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Eric L. Johnson, Published May 18 2013

Letter: Careless, reckless legislative assembly

Now that the North Dakota Legislature has closed a record-setting 80-day assembly, I’d like to review the apparent lack of concern shown by the super-majority Republicans for a number of public health issues. At best, these ill-conceived efforts can be characterized as “careless.” Special interests exerted influence on legislators with some success.

Four abortion-restricting bills were passed – all signed into law by Gov. Jack Dalrymple, whose only explanation was that it is “a legitimate attempt by a state Legislature to discover the boundaries of Roe v. Wade.” Proponents of the legislation, including Sen. Margaret Sitte, R-Bismarck, and Rep. Bette Grande, R-Fargo, ignored public testimony of North Dakota physicians regarding the reckless nature of these laws to potentially restrict legal mainstream medical procedures, including in vitro fertilization.

We are a state desperately in need of retaining and recruiting health providers for our growing population. The Legislature did the right thing in funding a new health sciences school. Privately, a number of my colleagues, including future physicians, wondered what kind of practice environment these out-of-touch laws would create in North Dakota.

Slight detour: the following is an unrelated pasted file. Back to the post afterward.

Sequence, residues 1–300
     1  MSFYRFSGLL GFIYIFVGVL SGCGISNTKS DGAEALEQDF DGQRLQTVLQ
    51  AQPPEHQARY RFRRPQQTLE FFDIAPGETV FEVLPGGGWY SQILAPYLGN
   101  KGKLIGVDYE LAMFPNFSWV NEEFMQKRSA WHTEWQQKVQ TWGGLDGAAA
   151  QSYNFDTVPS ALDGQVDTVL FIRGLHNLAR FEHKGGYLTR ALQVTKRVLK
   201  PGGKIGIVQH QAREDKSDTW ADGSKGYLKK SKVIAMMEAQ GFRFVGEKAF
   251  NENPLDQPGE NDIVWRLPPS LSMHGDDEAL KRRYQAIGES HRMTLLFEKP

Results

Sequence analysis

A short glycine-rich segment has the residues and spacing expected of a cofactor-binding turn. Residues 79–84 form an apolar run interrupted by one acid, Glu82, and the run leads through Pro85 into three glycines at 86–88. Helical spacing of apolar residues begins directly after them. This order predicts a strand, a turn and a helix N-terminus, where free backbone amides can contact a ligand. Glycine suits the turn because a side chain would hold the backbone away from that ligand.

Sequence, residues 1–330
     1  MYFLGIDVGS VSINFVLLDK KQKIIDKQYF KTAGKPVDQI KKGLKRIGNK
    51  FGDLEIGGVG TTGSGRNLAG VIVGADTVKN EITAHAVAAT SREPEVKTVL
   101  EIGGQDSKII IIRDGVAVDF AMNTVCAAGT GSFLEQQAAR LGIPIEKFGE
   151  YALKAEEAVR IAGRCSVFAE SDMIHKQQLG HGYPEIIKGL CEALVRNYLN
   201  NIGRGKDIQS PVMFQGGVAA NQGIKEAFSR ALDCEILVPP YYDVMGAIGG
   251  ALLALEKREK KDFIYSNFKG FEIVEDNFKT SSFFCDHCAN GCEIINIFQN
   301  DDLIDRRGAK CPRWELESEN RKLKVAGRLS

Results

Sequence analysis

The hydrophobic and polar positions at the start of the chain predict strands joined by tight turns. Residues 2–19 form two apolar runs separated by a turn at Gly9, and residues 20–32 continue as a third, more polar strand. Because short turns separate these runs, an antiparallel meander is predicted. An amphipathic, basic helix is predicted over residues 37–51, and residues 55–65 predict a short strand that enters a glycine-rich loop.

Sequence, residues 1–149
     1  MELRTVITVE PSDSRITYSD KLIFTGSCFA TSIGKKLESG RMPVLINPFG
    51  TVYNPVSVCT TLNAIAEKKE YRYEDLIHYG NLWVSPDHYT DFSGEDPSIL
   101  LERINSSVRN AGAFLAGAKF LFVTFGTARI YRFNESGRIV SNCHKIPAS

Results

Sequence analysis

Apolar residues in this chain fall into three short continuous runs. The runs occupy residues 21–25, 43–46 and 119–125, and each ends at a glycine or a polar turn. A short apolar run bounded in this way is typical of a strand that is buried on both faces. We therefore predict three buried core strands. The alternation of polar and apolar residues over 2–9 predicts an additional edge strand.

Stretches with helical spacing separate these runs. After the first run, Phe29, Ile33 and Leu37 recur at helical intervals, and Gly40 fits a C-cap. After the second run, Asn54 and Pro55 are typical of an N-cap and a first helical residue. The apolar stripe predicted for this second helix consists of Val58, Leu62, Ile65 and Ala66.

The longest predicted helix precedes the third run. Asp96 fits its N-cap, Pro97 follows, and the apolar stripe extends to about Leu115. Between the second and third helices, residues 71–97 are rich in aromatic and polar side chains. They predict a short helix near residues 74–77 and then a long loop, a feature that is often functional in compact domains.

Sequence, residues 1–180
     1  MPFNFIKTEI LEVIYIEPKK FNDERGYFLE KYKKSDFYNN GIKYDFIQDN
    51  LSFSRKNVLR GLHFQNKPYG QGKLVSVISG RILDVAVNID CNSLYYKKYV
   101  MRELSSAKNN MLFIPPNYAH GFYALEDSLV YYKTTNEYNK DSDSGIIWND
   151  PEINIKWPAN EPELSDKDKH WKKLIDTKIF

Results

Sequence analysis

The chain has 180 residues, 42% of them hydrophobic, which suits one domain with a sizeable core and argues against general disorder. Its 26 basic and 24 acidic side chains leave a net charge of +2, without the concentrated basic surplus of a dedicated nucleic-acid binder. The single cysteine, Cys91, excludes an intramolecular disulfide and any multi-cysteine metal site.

Furthermore, Republicans who cast themselves as fiscal conservatives didn’t seem bothered at all by the millions of dollars that will be spent as these laws wind their way through the courts; ultimately to lose, because abortion is legal. Not to worry, as Sitte noted, that outside interests are involved.

Abortion restrictions weren’t the only area in health-related legislation where special interests were in play, as tobacco proponents nearly derailed a popular smoke-free law and funding for tobacco prevention and control. Both of these issues were settled on by the voters in 2012, when two-thirds of voters voted for smoke-free legislation to reduce the harm of secondhand smoke; and in 2008, when the people passed Measure 3 to keep tobacco settlement dollars at work in tobacco disease prevention.

Recent polling showed even more popular support for these public health laws, but that didn’t keep Rep. Blair Thoreson, R-Fargo, from promoting House Concurrent Resolution 3033. This resolution, put together at the behest of tobacco special interests from outside of North Dakota, was to consider the ridiculous proposition of “harm reduction.” Basically, this is promotion of other tobacco products such as chewing tobacco to get people off of cigarettes, ignoring the fact that many medically safe tobacco cessation products are already FDA approved.

The only people testifying in committee in favor of HCR 3033 were Thoreson and a dentist from Kentucky. It’s apparent that Republican legislators are more interested in serving special interests from outside the state in critical areas of health care than listening to voters and North Dakota health care providers, or just following the law. In the next election cycle, hopefully the voters will again do the right thing at the polls and remove those who don’t care about the will of North Dakotans.

Johnson, MD, is a Grand Forks physician.